FF12: $400 bill makes woman question new “smart meter"
Lola Christenson had never seen anything like it before.
“Never a bill like $400,’ says 89-year-old Christensen.
She lives alone and makes less than $1,000 a month. That’s why she was shocked to see her July bill from Westar that showed she owed $410 for using 142 percent more electricity than the same month in 2015.
“No way. It takes half of my Social Security,"Christenson says.
She first called Westar which put a new “smart meter” in during that billing cycle. She asked them to check her meter and bill. She was told it costs $35.
“I said, 'In other words, you are going to charge me to see if you are overcharging me,'" Christenson says.
She called FactFinder 12 next. We called in Carlisle Heating and Air in El Dorado. Crews came to Christenson’s house and checked her heating and air systems, appliances, and looked for anything that would cause her bill to more than double.
“In this case it seems unusual. Nothing changed but this meter. There’s no real explanation as to what happened,” says owner John Grange.
Westar initially told us that it was hotter this summer than last. We pulled the temperatures for the 32-day period in question. The average was 79.7 degrees in 2015 and 80.9 degrees this year. It was slightly warmer, but not enough to explain the jump that Christenson experienced.
Grange says “smart meter" technology isn’t bad. Overall he likes it and says it will be better for the customer.
“I think they'll be more accurate. Digital is better and in most cases you're going to get a more fair reading,” says Grange.
But what if you don’t get a fair reading or believe your meter is faulty? Who checks the meters for accuracy other than Westar?
“There is not a party that comes out to test, however the manufacturer tests all meters before they leave the facility and then we test them as well,” says Gina Penzig with Westar.
Grange says while they are likely more accurate there could still be issues, and there’s no one else checking these meters. He says a third party check would likely mean more costs for consumers.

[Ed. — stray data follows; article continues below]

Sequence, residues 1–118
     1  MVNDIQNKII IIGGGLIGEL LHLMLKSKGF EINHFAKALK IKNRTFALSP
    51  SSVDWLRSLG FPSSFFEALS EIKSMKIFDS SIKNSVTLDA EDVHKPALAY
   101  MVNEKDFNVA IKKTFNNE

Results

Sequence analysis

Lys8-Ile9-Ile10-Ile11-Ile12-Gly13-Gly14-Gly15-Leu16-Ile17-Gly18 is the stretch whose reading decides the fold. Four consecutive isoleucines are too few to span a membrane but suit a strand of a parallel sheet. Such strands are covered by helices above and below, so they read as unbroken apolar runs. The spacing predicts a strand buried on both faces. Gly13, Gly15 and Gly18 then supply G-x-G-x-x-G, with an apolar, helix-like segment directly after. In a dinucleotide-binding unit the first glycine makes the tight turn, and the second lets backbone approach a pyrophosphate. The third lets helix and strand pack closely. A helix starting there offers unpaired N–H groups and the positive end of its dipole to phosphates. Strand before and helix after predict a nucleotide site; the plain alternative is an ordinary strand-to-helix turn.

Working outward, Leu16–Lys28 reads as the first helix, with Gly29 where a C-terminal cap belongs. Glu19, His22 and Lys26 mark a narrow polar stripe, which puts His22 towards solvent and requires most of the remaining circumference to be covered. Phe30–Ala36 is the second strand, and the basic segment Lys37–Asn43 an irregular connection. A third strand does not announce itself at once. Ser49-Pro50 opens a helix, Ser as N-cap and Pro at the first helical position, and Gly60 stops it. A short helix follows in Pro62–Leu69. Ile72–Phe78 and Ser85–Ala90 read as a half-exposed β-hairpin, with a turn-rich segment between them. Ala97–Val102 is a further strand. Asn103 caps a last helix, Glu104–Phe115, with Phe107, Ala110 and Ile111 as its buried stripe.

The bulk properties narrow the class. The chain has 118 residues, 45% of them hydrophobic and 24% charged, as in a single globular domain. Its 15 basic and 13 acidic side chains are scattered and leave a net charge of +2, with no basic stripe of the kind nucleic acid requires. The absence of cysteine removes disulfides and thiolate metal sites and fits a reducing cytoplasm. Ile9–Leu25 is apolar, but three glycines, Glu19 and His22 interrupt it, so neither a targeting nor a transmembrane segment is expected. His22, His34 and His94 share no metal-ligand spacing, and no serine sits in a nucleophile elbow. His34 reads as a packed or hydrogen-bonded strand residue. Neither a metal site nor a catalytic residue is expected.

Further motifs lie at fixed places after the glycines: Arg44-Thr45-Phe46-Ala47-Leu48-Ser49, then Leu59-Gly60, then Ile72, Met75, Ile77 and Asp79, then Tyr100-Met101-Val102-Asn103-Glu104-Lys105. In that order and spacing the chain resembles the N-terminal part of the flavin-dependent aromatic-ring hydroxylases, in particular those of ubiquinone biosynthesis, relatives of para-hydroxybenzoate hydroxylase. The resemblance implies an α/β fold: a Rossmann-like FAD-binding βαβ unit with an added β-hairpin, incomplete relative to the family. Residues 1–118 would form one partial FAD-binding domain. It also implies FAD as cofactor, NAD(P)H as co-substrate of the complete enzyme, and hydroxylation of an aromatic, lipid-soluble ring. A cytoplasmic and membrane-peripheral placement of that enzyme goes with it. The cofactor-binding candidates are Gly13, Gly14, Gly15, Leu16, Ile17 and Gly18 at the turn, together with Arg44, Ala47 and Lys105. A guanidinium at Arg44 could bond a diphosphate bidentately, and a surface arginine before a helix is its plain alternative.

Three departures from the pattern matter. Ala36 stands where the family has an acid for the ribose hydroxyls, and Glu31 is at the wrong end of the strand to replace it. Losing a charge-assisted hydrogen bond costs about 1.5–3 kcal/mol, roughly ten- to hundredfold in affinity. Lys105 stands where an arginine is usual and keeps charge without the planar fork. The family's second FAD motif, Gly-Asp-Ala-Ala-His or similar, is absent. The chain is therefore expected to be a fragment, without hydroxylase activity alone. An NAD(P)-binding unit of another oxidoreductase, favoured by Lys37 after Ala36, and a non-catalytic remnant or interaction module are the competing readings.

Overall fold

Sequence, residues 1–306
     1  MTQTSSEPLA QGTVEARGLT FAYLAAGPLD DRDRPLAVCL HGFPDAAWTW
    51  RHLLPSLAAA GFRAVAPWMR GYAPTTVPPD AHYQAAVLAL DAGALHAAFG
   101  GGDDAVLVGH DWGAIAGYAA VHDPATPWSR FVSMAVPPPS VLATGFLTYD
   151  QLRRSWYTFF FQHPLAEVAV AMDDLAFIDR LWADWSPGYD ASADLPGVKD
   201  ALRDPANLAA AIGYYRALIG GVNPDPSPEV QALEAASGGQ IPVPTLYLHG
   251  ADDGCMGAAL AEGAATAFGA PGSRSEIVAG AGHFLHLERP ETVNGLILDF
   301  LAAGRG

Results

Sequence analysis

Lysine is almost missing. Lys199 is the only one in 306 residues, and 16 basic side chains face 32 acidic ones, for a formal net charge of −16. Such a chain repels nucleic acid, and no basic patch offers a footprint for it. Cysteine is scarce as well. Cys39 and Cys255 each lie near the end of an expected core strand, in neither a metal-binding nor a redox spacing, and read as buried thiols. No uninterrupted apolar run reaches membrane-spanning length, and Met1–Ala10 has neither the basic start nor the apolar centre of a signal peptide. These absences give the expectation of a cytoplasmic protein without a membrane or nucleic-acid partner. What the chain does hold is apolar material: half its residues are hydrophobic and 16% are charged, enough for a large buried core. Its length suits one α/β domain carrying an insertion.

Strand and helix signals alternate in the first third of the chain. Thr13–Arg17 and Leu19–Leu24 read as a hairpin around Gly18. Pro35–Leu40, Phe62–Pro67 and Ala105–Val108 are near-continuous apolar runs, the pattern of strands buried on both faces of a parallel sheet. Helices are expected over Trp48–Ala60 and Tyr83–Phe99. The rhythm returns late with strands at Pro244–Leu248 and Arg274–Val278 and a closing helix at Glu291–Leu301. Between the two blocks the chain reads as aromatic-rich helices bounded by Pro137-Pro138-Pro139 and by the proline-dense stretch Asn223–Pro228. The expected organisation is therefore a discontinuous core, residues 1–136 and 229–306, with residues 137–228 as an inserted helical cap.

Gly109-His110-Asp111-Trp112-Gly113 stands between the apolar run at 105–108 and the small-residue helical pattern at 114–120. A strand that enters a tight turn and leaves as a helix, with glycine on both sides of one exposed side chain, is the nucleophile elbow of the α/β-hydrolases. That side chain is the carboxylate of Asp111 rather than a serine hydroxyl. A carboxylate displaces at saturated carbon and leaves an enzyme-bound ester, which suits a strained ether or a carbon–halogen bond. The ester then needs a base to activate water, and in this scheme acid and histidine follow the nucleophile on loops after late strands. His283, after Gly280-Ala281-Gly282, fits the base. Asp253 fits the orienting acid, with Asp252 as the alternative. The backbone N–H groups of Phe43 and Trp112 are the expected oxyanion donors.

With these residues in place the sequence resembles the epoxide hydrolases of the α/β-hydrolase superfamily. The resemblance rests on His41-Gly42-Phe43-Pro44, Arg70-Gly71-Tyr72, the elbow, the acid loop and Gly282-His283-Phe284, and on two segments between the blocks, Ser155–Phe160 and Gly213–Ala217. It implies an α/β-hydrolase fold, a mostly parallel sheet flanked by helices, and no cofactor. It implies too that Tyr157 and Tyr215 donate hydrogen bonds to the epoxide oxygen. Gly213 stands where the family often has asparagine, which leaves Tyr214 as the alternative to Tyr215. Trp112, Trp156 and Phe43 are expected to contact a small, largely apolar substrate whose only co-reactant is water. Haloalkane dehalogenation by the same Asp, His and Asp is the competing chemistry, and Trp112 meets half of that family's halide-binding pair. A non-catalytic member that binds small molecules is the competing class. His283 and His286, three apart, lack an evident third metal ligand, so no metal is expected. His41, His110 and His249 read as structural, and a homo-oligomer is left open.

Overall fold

Both Grange and Westar says old, analog meters can run slower over time. Christenson says she was initially told by a Westar employee that her old meter was slow.
Westar performed its own energy audit and found areas Christenson could improve including some duct work and a room where sun comes in. It found nothing wrong with the meter. The bill also shows the old meter was reading at about the same rate. Grange says there's still no explanation.
“That doesn't make sense unless she decided to put in a pool, hot tub and ran the air conditioning with the windows open," he says.
Westar stands behind its meter, but admits things could have been handled differently.
“There are times, especially in hindsight, that a little more attention to detail we would have made a better call the first time a customer reached out to us. This is one of those situations,” says Penzig.
Because of that, Westar and Project Deserves helped take care of Christenson’s bill. “Through our Project Deserve program and our Care Fund that bill was taken care of.”
So what can you do if you suspect your bill is too high?
Grange says start with a call to a heating and air company for a check of your systems. He says the number one reason energy bills spike is because of a dirty air filter. Faulty air conditioners are often a culprit as well.
It’s also important to point out that Westar has raised rates 26 times or 43 percent since 2009.
You can also call Westar, but it normally charges you a fee to check a meter.
Westar says about half of its roughly 700,000 customers have smart meters so far. You can view the company's tips on how to save energy